Dr. President: "The next president of the United States of America will control a $150 billion annual research budget, 200,000 scientists, and 38 major research institutions and all their related labs. This president will shape human endeavors in space, bioethics debates, and the energy landscape of the 21st century." With the coming election, the AAAS has created a new website and devoted a section of their journal Science to the Democratic and Republican candidates' positions on science and technology issues. But to help further clarify their positions, some people are calling for the candidates to have a presidential debate on science and technology. [Via The Intersection and Wired Science.]
“I’m an old computer nerd,” Diener said. “I can do anything with computers. Nothing’s wrong with computers. But this is the worst way to run an election.” NYTMag piece on electronic voting, voter confidence, and the impact of old-fashioned problems like printer jams, befuddled voters and volunteers, and interface design flaws. By Clive Thompson.
The Iowa Scam. Christopher Hitchens confronts a system where "only 124,000 Democrats voted last time, less than a quarter of those eligible. So if Barack Obama, say, edges Hillary Clinton by 2,000 votes, he'll be hailed in headlines as a giant-killer despite the tiny margin."
Candidates on executive power: a full spectrum. Boston Globe reporter Charlie Savage, who won a Pulitzer Prize for his work on presidential signing statements, surveyed the major 2008 presidential candidates about their views on the limits of executive power. [BugMeNot, via Huffington Post.] [more inside]
This Flash tool from the New York Times shows you how many times each candidate has named each of the other candidates, suggesting which candidates the others perceive as worthy of addressing. It's a very neat and efficient visualization tool. Guess who everyone can't stop mentioning?
Bill Clinton on Charlie Rose - on display: Thoughtful Visionary as well as Political Animal; cf. Howard Dean and Jimmy Carter.
Jessica Hagy, author of indexed (previously) covers the 2008 Presidential Election for McClatchy's "alt.campaign" site.
Make your own attack ad. The Democratic party is uploading all its "tracker" videos of the top Republican candidates out on the campaign trail, for use by anyone for anything. "The party hopes that thousands of eyes might find something the mainstream media has missed, or that a new way of juxtaposing the video with something else will be revealing about the candidates," says the NYT. Gimmick or political sea change?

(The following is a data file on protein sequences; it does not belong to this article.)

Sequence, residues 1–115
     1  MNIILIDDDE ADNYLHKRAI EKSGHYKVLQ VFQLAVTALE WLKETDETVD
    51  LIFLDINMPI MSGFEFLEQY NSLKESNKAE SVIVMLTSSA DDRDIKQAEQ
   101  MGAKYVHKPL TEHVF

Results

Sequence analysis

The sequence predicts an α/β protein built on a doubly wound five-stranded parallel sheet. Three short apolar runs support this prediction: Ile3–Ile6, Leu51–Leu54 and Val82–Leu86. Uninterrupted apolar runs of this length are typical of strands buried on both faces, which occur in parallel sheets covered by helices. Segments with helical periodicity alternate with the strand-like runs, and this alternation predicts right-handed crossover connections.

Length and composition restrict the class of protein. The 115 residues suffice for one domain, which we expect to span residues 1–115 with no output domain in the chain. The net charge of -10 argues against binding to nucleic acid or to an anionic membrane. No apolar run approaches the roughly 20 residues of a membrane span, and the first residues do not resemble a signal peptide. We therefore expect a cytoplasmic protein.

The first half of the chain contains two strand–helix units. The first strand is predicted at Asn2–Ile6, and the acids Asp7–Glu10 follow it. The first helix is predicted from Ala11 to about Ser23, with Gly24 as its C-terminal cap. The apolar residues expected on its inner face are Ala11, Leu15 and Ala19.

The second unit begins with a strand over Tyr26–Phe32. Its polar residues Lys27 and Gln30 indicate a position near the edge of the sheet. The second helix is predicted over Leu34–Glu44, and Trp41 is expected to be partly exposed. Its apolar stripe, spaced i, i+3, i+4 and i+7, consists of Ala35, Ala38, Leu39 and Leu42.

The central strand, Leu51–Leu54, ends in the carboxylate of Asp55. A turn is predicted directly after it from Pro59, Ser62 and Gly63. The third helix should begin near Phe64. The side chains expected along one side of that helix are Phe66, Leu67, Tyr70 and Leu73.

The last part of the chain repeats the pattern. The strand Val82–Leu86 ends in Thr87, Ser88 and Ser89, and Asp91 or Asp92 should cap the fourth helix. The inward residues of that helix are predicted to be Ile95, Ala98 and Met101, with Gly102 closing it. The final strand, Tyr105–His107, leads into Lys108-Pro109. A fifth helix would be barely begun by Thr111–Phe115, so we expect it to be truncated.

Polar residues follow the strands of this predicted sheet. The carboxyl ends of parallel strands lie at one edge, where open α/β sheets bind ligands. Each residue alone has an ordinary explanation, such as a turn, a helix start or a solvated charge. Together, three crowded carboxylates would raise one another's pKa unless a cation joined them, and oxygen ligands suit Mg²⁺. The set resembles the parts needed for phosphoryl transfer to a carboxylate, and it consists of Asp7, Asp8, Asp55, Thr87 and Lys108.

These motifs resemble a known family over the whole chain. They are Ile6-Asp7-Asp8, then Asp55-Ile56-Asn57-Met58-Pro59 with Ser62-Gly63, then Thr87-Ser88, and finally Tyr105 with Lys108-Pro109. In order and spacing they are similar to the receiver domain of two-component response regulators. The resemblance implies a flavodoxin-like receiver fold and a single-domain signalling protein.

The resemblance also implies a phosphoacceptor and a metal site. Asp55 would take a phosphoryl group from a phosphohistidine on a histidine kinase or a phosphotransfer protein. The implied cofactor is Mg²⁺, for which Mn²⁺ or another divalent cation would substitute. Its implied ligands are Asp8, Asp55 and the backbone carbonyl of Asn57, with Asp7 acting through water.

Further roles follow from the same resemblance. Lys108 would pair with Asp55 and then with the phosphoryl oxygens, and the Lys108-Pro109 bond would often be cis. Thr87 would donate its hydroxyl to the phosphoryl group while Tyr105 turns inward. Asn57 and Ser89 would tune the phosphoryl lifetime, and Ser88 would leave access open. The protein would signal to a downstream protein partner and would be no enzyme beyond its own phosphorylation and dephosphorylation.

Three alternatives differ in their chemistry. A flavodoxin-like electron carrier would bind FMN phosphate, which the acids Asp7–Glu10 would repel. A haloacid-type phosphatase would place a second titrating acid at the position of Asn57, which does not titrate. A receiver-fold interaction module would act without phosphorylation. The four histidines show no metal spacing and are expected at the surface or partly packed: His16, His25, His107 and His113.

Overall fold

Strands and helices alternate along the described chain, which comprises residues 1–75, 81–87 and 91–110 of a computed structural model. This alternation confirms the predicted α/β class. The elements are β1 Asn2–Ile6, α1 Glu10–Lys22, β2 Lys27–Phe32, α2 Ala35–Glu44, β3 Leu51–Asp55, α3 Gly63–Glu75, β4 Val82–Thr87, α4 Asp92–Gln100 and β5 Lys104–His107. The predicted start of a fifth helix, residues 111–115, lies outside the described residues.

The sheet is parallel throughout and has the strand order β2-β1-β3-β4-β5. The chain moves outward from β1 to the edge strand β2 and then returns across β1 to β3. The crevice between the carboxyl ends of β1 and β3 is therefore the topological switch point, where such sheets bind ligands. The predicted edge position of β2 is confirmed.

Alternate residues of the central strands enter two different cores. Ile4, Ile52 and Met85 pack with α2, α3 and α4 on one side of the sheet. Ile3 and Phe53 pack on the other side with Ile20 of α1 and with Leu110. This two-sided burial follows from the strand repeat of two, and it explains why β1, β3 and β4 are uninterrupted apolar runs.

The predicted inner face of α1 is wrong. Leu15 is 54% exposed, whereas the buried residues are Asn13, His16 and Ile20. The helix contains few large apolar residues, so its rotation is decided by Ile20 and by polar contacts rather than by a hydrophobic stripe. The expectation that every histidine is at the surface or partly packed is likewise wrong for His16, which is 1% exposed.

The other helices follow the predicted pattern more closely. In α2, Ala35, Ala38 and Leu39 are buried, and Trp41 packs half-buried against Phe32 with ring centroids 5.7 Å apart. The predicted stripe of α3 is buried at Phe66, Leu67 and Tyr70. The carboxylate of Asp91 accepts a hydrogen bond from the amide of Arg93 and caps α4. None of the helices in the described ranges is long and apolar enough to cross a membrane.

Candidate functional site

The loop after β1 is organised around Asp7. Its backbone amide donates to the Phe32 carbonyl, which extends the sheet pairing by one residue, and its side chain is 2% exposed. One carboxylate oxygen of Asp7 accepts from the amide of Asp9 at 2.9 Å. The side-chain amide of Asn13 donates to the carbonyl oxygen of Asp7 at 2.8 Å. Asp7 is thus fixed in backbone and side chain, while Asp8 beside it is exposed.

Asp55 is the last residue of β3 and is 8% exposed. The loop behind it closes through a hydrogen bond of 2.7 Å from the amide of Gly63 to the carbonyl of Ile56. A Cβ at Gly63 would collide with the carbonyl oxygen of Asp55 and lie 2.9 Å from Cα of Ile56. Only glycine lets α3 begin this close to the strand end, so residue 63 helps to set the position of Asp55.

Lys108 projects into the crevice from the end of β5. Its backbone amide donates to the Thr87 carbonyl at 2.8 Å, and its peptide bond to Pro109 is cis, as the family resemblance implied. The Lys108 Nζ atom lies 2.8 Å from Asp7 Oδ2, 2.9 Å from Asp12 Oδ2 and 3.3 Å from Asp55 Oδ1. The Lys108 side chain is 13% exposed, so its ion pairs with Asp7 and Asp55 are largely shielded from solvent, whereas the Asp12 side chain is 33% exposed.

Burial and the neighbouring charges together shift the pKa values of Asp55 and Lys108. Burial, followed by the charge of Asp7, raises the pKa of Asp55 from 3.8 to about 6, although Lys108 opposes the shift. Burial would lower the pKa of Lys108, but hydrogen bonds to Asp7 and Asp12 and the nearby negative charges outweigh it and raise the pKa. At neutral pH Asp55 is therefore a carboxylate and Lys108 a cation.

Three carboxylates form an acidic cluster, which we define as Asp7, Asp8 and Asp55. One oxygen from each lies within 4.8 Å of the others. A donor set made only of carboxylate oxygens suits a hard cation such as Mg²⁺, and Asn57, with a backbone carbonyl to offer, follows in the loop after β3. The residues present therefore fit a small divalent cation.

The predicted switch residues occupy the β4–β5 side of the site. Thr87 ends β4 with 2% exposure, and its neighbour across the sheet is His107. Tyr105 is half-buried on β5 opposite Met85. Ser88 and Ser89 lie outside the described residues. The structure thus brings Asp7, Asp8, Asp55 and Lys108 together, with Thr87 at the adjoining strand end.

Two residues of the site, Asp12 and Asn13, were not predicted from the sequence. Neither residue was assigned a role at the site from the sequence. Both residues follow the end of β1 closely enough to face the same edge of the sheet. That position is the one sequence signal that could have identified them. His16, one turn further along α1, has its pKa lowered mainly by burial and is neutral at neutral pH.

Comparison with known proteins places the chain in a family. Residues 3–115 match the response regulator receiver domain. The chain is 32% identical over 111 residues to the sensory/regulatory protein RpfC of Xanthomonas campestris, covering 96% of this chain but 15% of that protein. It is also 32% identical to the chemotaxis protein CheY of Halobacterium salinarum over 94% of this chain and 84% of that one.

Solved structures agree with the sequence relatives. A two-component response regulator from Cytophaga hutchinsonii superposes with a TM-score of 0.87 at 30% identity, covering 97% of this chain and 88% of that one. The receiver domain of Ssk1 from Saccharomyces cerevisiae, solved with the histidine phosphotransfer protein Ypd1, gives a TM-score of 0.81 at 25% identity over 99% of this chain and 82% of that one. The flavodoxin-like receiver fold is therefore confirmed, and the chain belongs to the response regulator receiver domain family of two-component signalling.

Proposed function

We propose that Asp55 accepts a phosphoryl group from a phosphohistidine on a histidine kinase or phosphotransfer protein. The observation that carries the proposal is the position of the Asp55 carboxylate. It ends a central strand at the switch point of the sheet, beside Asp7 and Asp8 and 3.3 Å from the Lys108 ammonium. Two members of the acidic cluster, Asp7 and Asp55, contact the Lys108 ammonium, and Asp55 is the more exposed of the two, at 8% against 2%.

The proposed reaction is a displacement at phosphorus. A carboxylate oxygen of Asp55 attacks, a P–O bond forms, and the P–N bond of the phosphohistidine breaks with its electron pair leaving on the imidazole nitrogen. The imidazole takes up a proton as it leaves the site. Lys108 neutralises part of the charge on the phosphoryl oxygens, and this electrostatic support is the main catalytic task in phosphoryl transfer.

Senator On-Line (‘SOL’) is a truly democratic party which will allow everyone on the Australian Electoral roll who has access to the internet to vote on every Bill put to Parliament and have its Senators vote in accordance with a clear majority view. They will be running candidates for the upcoming federal Upper House (Senate) elections.
The Australian Federal election is winding its desultory way towards resolution on 24 November. So far, it has failed to catch much of the electorate’s imagination, and the centrist Opposition Leader, Kevin Rudd, retains his comfortable lead in the polls, indicating a change in executive government after 11 years of John Howard’s big-government conservatism. Rudd’s “me too” strategy suggests that ideology is dead in Australia. (Previously) [more inside]
Proposed Candidate Ringtones. Taking a cue from the Obama campaign, Billion Dollar President (a new public radio show) whips up some possible ringtones for the other candidates. Be sure to check out Kucinich and Huckabee. There's also a contest to design your own.
Glassbooth connects you to the presidential candidate that represents your beliefs the best. Too busy/lazy/etc. to research the candidates on your own? Let web 2.0 tell you who to vote for.
Politifact is brought to you by the St. Pete Times and the Congressional Quarterly (excellent domain name, btw!) to help you sift through all the bullshit that comes out of politicians' mouths. [more inside]
And we're off! Prime Minister John Howard has set the date for the Australian Federal election as November 24th, meaning we're up for a long six-week campaign. With Kevin Rudd leading the PM by between 16 to 18 points (depending on who you read) in recent opinion polls, this election seems the most likely to provide a change of Government since Howard was first elected 11 years ago. Antony Green's usual excellent election guide is up and running here, along with an excellent calculator which shows which seats are up for grabs dependent on a 2 party preferred swing. You might also want to check out the Vote-O-Matic, a fun but entirely disposable quiz which aims to help you decide who you'll vote for. [more inside]